Your doctor will keep tabs on you if you recently gave birth and immediately suspects you are at risk of developing postpartum preeclampsia. They may order a series of tests to confirm the diagnosis when necessary.
Blood pressure measurement
Blood pressure readings consistently above 140/90 mmHg may indicate postpartum hypertension.
A urine sample checks for proteinuria – the presence of excess protein in your urine.
A blood test checks for abnormalities in liver function and platelet count.
In some cases, imaging tests such as ultrasound assesses the function of organs such as the kidneys or liver. A brain scan can also look for possible brain damage if you have had a seizure.
You may need to be admitted to the hospital for further monitoring and treatment where necessary.
How to treat postpartum preeclampsia
If you have signs or symptoms of postpartum preeclampsia shortly after childbirth, contact your healthcare provider for immediate medical care. Complications like stroke, seizures, and organ damage occur if treatment of postpartum preeclampsia does not commence early.
Treating this condition will involve monitoring your blood pressure closely, other vital signs, and the medications prescribed, especially for a breastfeeding mother. Thankfully, high blood pressure medications have no or minimal risk to babies. In some cases, hospitalization may be necessary.
Some of the medications used in treating postpartum preeclampsia include:
These are medications that lower your blood pressure. Examples include labetalol, nifedipine, and hydralazine.
This medication prevents seizures.
These medications help reduce fluid buildup through urination and decrease blood pressure.
Related read: What Medicine Can I Take While Breastfeeding?
Complications of postpartum preeclampsia
Postpartum preeclampsia can permanently damage vital organs and lead to life-threatening complications if the symptoms are not noticed early and treated. Some of these are:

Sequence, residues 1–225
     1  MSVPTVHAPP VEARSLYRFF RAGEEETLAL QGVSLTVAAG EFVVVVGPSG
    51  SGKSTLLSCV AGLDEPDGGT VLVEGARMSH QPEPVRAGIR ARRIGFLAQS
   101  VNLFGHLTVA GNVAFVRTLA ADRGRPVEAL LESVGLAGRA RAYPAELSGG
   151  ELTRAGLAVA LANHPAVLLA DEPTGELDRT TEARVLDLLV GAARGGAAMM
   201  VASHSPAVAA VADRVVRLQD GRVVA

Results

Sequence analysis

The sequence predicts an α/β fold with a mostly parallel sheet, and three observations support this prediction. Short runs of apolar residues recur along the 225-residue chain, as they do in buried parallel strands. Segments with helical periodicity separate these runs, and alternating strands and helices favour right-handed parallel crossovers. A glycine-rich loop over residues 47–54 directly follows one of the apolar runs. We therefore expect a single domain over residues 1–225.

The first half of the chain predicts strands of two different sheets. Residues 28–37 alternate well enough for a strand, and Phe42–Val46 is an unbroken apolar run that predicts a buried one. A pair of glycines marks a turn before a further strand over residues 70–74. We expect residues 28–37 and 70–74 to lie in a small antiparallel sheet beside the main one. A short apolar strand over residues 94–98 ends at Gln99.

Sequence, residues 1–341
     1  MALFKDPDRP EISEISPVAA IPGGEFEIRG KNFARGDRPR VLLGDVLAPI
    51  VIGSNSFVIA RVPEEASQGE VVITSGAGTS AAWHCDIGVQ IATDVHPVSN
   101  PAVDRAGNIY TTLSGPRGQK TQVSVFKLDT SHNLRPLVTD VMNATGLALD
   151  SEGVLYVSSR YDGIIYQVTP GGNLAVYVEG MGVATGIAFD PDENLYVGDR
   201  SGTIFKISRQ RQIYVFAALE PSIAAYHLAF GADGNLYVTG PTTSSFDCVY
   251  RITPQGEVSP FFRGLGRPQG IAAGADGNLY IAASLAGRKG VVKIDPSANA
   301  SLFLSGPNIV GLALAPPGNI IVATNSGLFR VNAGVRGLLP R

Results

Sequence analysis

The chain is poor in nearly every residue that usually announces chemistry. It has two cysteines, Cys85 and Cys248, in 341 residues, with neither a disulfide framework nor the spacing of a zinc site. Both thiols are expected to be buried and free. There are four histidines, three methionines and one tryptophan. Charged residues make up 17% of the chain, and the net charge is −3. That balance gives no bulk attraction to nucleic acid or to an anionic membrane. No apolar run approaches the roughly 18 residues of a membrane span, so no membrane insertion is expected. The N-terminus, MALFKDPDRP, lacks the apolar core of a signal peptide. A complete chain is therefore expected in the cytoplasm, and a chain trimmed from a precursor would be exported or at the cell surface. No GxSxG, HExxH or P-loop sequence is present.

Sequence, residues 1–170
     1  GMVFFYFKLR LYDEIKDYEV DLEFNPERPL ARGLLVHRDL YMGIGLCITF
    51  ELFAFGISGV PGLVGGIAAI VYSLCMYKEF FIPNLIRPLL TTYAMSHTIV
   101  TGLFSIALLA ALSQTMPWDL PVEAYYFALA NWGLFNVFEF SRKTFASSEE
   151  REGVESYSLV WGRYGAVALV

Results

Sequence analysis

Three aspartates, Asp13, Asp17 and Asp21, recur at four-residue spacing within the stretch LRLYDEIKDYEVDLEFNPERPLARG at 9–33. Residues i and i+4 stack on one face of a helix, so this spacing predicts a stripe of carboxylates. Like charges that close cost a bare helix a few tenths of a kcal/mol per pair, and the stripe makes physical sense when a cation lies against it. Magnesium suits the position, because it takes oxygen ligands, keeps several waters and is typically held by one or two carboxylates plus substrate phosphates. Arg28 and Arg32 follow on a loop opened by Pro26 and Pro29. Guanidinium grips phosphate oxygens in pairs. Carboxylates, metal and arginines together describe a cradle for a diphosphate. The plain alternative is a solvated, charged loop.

- Blood clots deprive blood supply to the brain tissue causing a stroke
- Excess fluid develops in the lungs (pulmonary edema)
- Damage to the brain resulting in seizures
- HELLP syndrome is short for hemolysis (destruction of red blood cells), elevated liver enzymes, and low platelet count.
The outlook for full recovery is good once the diagnosis and treatment begin.
How to prevent postpartum preeclampsia
It is actually confusing to prevent a condition with an unknown cause. So technically, there is no way to prevent postpartum preeclampsia. However, if you have chronic high blood pressure before or develop one after giving birth, you may need close monitoring. Your doctor will review and recommend meds to control it to prevent serious complications that could arise from the condition.
You can also do your part by learning the symptoms of postpartum preeclampsia to spot them on time. This is the best way to prevent any complications associated with the condition.
Related read: 23 Postpartum Recovery Tips To Heal Faster From Birth.
The postpartum period is always an exciting time for you to bond with your baby. But amid all the excitement, stay vigilant for symptoms of postpartum preeclampsia and check your blood pressure regularly.
Remember to seek immediate medical care if you feel something is wrong. By working closely with your healthcare providers and taking steps to manage risk factors, you can reduce your likelihood of developing complications of postpartum preeclampsia.
Did you experience similar signs after giving birth? Does high blood pressure run in your family? Please leave a comment to share.